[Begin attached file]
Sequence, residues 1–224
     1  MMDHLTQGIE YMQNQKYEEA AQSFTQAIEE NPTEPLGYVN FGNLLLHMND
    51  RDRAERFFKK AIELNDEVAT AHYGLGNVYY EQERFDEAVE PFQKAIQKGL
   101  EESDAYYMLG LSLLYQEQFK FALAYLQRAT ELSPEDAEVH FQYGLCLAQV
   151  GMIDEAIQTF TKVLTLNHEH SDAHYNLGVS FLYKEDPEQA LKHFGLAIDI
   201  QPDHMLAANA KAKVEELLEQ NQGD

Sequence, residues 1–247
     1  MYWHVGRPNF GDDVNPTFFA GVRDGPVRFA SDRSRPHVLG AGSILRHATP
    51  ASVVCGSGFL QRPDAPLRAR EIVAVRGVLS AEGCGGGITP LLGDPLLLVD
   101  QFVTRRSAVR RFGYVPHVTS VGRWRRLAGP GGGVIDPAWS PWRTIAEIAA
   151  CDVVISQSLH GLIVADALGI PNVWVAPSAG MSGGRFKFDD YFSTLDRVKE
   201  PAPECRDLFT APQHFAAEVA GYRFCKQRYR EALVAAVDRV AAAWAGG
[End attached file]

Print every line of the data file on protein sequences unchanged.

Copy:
Sequence, residues 1–224
     1  MMDHLTQGIE YMQNQKYEEA AQSFTQAIEE NPTEPLGYVN FGNLLLHMND
    51  RDRAERFFKK AIELNDEVAT AHYGLGNVYY EQERFDEAVE PFQKAIQKGL
   101  EESDAYYMLG LSLLYQEQFK FALAYLQRAT ELSPEDAEVH FQYGLCLAQV
   151  GMIDEAIQTF TKVLTLNHEH SDAHYNLGVS FLYKEDPEQA LKHFGLAIDI
   201  QPDHMLAANA KAKVEELLEQ NQGD

Sequence, residues 1–247
     1  MYWHVGRPNF GDDVNPTFFA GVRDGPVRFA SDRSRPHVLG AGSILRHATP
    51  ASVVCGSGFL QRPDAPLRAR EIVAVRGVLS AEGCGGGITP LLGDPLLLVD
   101  QFVTRRSAVR RFGYVPHVTS VGRWRRLAGP GGGVIDPAWS PWRTIAEIAA
   151  CDVVISQSLH GLIVADALGI PNVWVAPSAG MSGGRFKFDD YFSTLDRVKE
   201  PAPECRDLFT APQHFAAEVA GYRFCKQRYR EALVAAVDRV AAAWAGG